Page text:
The instruction Ray receives is strangely reminiscent of the one in this week’s Torah portion when God tells Moses: וְעָשׂוּ לִי מִקְדָּשׁ וְשָֽׁכַנְתִּי בְּתוֹכָֽם (
veasu li mikdash veshochanti betocham
) – Make for me a Mikdash (a Tabernacle) and I will dwell amongst you (Exodus 25:8). The instructions are relatively clear, especially as the Torah portion proceeds to go through the details of what exactly should be made for this Mishkan.
Perhaps if screenwriters were writing this portion, they might have even said it like this: ‘If you build it, God will come.’
It is hard to believe that God actually requires a physical space in the world in which to dwell. We tend to conceive of God as being everywhere in the world, accessible to us wherever we are, and not just in a travelling Tabernacle. Perhaps then, the task is not the building itself, but rather the project which accompanies it.
The Mikdash is not going to be paid for by a specific tax upon all the people, or the introduction of a new duty. There is no half-shekel census to raise the necessary funds (as occurs in Ki Tissa – Exodus 30:11-16). In fact, giving to this project is an entirely voluntary matter. God makes it clear:כָּל־אִישׁ אֲשֶׁר יִדְּבֶנּוּ לִבּוֹ תִּקְחוּ אֶת־תְּרֽוּמָתִֽי (
kol ish asher yidvenu libo tikchu et terumati
) – You shall take my contribution from all people whose heart moves them (Exodus 25:2).
This is a fundraising strategy which is rarely employed in today’s society. There are no pledge cards, e-mail campaigns or donation letters – the people are simply told that if their heart so moves them to give, their gift will be accepted. It is a risky approach, and one which I doubt many of our congregations or institutions would be willing to try. And yet when this request is ultimately made to the people a few chapters later, they respond generously. Moses and the artisans are inundated with contributions, so much so that he eventually has to tell the Israelites: אִישׁ וְאִשָּׁה אַל־יַֽעֲשׂוּ־עוֹד מְלָאכָה לִתְרוּמַת הַקֹּדֶשׁ (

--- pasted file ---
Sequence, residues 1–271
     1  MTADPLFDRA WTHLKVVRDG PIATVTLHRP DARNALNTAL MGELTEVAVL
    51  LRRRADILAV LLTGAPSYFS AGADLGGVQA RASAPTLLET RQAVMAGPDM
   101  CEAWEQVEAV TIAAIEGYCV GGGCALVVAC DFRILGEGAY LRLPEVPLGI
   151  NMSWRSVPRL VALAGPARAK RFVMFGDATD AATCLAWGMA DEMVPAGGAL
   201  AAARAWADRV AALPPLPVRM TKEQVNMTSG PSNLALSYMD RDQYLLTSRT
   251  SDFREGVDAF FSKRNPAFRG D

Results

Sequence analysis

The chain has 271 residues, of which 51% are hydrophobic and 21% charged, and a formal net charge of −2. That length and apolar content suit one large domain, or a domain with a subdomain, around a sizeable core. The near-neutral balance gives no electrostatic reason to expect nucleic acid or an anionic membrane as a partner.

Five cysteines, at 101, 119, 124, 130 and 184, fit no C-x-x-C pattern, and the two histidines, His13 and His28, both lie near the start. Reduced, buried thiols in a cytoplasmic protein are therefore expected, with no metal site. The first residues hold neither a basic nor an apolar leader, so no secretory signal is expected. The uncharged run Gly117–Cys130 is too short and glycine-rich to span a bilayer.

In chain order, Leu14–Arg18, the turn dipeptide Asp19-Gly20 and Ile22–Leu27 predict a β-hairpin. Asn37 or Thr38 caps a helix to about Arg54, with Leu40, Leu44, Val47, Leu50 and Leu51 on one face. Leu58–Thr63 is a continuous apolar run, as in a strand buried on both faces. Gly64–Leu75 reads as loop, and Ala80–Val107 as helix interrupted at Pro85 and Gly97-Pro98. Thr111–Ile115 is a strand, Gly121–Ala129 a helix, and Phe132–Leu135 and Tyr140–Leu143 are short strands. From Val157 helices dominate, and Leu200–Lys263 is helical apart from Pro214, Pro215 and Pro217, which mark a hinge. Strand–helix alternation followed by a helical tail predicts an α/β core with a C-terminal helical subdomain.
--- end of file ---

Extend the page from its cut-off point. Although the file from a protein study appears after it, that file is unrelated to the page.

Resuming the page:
ish veisha al yaasu od melacha litrumat hakodesh
) – Let no man or woman endeavour to bring any more holy contributions (Exodus 36:6).
Giving the people a community wide project, asking them to contribute whatever they can and having a tangible goal at the end (a Mikdash in which God may dwell), encourages them to give very generously. Can any of us imagine a capital campaign or building project in which we stop people giving because too much had been received?
God never specifies that the Mikdash itself is specifically required for God’s presence to be with the people: ‘Make for me a Mikdash (a Tabernacle) and I will dwell amongst you.’ Instead, God requires the building project, not the building itself, to be undertaken, embraced and fulfilled. It is the faith of the people, their cooperation and collaboration which God requires to bring the Shechinah down to be amongst the people.
All too often, we focus on the what rather than the who, on the product rather than the process, on the building rather than the community within, and more than anything, we focus painstakingly on the end, with little regard for the means. This Torah portion, which details the building project of God’s very dwelling place, teaches us that perhaps our focus would be best served elsewhere. If we could learn to focus more on the people with whom we work, rather than the project on which we’re working, on cooperation before corporation, and on having faith before harbouring doubts, perhaps we too could invite the Shechina into our midst and create a world worthy of God’s presence.
Danny Burkeman is a Rabbi at West London Synagogue in Britain and a former leader within Netzer. He is married to Micol Zimmerman Burkeman, a Jewish Educator. To read more of his writings you can visit
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